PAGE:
“Usually, our goal is just to give that to you for a few weeks, and then try to taper you off and see if that flare has run its course,” he says. “Then you can be back to a baseline regimen to control your disease.”
Moisturizer on its own isn’t necessarily a psoriasis treatment. But they can soothe and address side effects of the condition. “If you have psoriasis, any moisturizer usually helps your skin feel better,” advises Dr. Fernandez. “You tend to get psoriasis over joints like the elbow, so bending it stretches the skin. If the skin is really dry, it can crack and bleed and hurt. So moisturizer will help with unpleasant symptoms.”
Moisturizer with salicylic acid is an even better choice to address psoriasis — specifically, the thick scales associated with psoriasis skin lesions. “A moisturizer with salicylic acid can be an effective way to not only make your skin feel better, but also help topical medications work better to control those lesions,” says Dr. Fernandez.“If you have thick scales, topical medications have to penetrate through those and your top layer of skin before reaching the inflammatory cells causing the lesions. Getting rid of these scales — and salicylic acid helps dissolve them — helps topical medicines penetrate and work better.”
Dr. Fernandez says rubbing alcohol is a major product people with a psoriasis flare should avoid.“People might say their psoriasis itches, so they’ll rub alcohol on their skin. Even though alcohol may temporarily relieve itching, the end result is it’s going to cause more irritation and promote more inflammation.”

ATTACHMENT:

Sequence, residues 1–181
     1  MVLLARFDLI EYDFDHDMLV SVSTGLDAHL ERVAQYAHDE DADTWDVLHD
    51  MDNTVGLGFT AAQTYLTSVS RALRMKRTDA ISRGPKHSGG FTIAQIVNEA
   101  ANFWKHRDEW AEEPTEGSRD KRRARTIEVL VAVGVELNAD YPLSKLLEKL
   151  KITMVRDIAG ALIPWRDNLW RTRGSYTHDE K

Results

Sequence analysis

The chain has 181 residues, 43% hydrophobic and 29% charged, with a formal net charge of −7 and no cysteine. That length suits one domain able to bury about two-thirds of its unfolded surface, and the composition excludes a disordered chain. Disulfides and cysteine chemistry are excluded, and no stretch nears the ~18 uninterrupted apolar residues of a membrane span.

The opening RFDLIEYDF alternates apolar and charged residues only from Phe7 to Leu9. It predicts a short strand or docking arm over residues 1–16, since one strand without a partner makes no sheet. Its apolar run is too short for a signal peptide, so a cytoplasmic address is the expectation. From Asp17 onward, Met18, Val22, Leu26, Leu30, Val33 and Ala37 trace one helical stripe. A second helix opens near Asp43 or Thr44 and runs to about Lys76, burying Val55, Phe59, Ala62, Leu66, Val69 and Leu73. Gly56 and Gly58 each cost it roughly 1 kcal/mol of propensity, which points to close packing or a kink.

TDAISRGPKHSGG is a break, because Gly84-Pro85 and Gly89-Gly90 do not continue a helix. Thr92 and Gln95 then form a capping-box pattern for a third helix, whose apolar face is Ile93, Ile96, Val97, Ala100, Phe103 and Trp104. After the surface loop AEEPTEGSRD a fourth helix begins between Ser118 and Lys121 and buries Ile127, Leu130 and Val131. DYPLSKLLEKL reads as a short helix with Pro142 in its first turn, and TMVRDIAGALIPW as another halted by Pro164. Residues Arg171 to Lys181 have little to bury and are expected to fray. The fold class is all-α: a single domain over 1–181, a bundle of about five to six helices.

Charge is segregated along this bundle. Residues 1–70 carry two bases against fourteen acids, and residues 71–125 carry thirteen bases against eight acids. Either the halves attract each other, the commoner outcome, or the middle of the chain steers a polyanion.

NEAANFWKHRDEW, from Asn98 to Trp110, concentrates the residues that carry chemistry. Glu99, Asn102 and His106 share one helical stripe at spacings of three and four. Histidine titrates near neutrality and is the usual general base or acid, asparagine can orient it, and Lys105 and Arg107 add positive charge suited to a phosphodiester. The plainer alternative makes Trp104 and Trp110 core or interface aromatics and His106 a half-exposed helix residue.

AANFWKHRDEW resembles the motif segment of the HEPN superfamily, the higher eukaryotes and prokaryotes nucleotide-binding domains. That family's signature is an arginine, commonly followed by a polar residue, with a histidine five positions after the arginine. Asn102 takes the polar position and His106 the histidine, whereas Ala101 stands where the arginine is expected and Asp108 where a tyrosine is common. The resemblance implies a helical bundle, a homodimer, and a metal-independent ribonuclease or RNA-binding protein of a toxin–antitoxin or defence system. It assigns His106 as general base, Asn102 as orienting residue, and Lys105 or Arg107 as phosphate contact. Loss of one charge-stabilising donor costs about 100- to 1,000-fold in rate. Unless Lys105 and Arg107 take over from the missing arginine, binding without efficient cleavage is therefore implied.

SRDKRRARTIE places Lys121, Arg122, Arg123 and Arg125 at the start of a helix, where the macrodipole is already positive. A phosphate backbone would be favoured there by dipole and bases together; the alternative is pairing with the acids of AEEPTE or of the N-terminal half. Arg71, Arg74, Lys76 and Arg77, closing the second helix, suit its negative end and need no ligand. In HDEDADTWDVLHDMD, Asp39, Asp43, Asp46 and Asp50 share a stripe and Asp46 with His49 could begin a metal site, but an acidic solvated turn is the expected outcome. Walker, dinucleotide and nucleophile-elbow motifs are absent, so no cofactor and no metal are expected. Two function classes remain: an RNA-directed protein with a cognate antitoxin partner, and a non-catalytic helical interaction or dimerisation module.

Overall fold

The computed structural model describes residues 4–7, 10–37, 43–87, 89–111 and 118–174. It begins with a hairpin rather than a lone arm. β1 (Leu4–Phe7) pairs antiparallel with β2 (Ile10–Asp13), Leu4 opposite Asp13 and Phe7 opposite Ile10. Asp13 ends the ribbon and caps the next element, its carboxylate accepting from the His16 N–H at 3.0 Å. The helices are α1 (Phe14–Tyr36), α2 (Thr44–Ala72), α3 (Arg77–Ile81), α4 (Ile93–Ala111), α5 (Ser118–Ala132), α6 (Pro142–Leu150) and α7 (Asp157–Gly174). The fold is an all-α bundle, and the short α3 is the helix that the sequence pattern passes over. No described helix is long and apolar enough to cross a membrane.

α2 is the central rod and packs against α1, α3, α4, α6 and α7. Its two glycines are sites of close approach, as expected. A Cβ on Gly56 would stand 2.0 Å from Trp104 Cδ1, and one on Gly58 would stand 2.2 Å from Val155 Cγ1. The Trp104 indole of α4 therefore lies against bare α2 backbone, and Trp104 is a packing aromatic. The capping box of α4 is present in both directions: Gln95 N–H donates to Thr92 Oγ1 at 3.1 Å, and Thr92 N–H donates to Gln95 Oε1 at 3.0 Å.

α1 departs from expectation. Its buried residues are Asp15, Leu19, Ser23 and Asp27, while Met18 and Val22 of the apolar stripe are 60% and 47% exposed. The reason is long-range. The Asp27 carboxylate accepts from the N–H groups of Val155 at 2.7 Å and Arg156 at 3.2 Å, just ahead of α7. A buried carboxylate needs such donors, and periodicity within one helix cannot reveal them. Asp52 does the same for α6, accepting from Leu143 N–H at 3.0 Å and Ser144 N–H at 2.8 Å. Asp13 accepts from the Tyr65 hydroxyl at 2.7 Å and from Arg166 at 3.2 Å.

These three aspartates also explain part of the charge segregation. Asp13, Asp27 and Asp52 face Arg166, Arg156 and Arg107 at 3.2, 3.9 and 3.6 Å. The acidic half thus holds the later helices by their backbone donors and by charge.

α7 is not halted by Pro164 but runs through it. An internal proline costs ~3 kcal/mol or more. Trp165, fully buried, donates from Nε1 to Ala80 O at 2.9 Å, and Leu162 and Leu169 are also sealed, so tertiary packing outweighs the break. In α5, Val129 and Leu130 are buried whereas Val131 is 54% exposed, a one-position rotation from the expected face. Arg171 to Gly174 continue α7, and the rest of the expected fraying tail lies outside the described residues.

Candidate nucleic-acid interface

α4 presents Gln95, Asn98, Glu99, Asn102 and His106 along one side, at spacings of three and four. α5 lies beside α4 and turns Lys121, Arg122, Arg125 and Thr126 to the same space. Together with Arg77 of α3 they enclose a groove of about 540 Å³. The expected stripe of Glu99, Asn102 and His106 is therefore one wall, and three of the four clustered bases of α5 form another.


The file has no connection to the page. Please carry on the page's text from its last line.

Researchers are increasingly finding that maintaining a healthy lifestyle is beneficial for people with chronic inflammatory diseases, including psoriasis.
“Eating well, exercising and getting good sleep are all keys to minimizing the chances of a flare and keeping your psoriasis as calm as possible,” Dr. Fernandez says. “Not getting adequate sleep is a stressor on your immune system. Exercise is also good for your immune system. Plus, it also helps promote weight loss — and keeping your weight within a normal range helps with psoriasis.”
Dr. Fernandez adds that taking medication goes hand-in-hand with any healthy lifestyle changes. “Most people with psoriasis need medicine,” he says. “And the reality is, we have outstanding medications whose benefits far outweigh the risks associated with taking them. We believe psoriasis shouldn’t affect anyone’s quality of life with the current treatment options we have — and we can get most people to the point where they are living their life as if they don’t have psoriasis.”